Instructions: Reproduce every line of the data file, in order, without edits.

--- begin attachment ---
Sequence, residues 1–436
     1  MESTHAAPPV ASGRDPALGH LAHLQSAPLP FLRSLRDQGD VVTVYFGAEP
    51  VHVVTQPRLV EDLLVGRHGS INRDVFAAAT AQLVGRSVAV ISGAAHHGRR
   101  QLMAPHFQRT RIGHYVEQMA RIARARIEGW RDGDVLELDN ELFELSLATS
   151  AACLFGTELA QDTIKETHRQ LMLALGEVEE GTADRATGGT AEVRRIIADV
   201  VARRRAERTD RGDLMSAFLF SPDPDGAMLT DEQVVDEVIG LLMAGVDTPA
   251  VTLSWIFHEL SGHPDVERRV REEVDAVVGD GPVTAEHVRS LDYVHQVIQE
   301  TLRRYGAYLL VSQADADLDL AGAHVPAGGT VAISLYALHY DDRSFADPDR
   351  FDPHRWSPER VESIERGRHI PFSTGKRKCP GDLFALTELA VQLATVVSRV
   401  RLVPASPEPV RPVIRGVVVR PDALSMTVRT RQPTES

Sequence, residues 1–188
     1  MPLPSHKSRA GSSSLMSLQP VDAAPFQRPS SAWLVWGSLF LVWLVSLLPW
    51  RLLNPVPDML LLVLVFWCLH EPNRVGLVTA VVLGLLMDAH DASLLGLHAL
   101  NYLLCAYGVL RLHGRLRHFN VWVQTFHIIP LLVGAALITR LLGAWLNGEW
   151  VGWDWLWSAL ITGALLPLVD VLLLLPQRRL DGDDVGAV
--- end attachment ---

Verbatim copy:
Sequence, residues 1–436
     1  MESTHAAPPV ASGRDPALGH LAHLQSAPLP FLRSLRDQGD VVTVYFGAEP
    51  VHVVTQPRLV EDLLVGRHGS INRDVFAAAT AQLVGRSVAV ISGAAHHGRR
   101  QLMAPHFQRT RIGHYVEQMA RIARARIEGW RDGDVLELDN ELFELSLATS
   151  AACLFGTELA QDTIKETHRQ LMLALGEVEE GTADRATGGT AEVRRIIADV
   201  VARRRAERTD RGDLMSAFLF SPDPDGAMLT DEQVVDEVIG LLMAGVDTPA
   251  VTLSWIFHEL SGHPDVERRV REEVDAVVGD GPVTAEHVRS LDYVHQVIQE
   301  TLRRYGAYLL VSQADADLDL AGAHVPAGGT VAISLYALHY DDRSFADPDR
   351  FDPHRWSPER VESIERGRHI PFSTGKRKCP GDLFALTELA VQLATVVSRV
   401  RLVPASPEPV RPVIRGVVVR PDALSMTVRT RQPTES

Sequence, residues 1–188
     1  MPLPSHKSRA GSSSLMSLQP VDAAPFQRPS SAWLVWGSLF LVWLVSLLPW
    51  RLLNPVPDML LLVLVFWCLH EPNRVGLVTA VVLGLLMDAH DASLLGLHAL
   101  NYLLCAYGVL RLHGRLRHFN VWVQTFHIIP LLVGAALITR LLGAWLNGEW
   151  VGWDWLWSAL ITGALLPLVD VLLLLPQRRL DGDDVGAV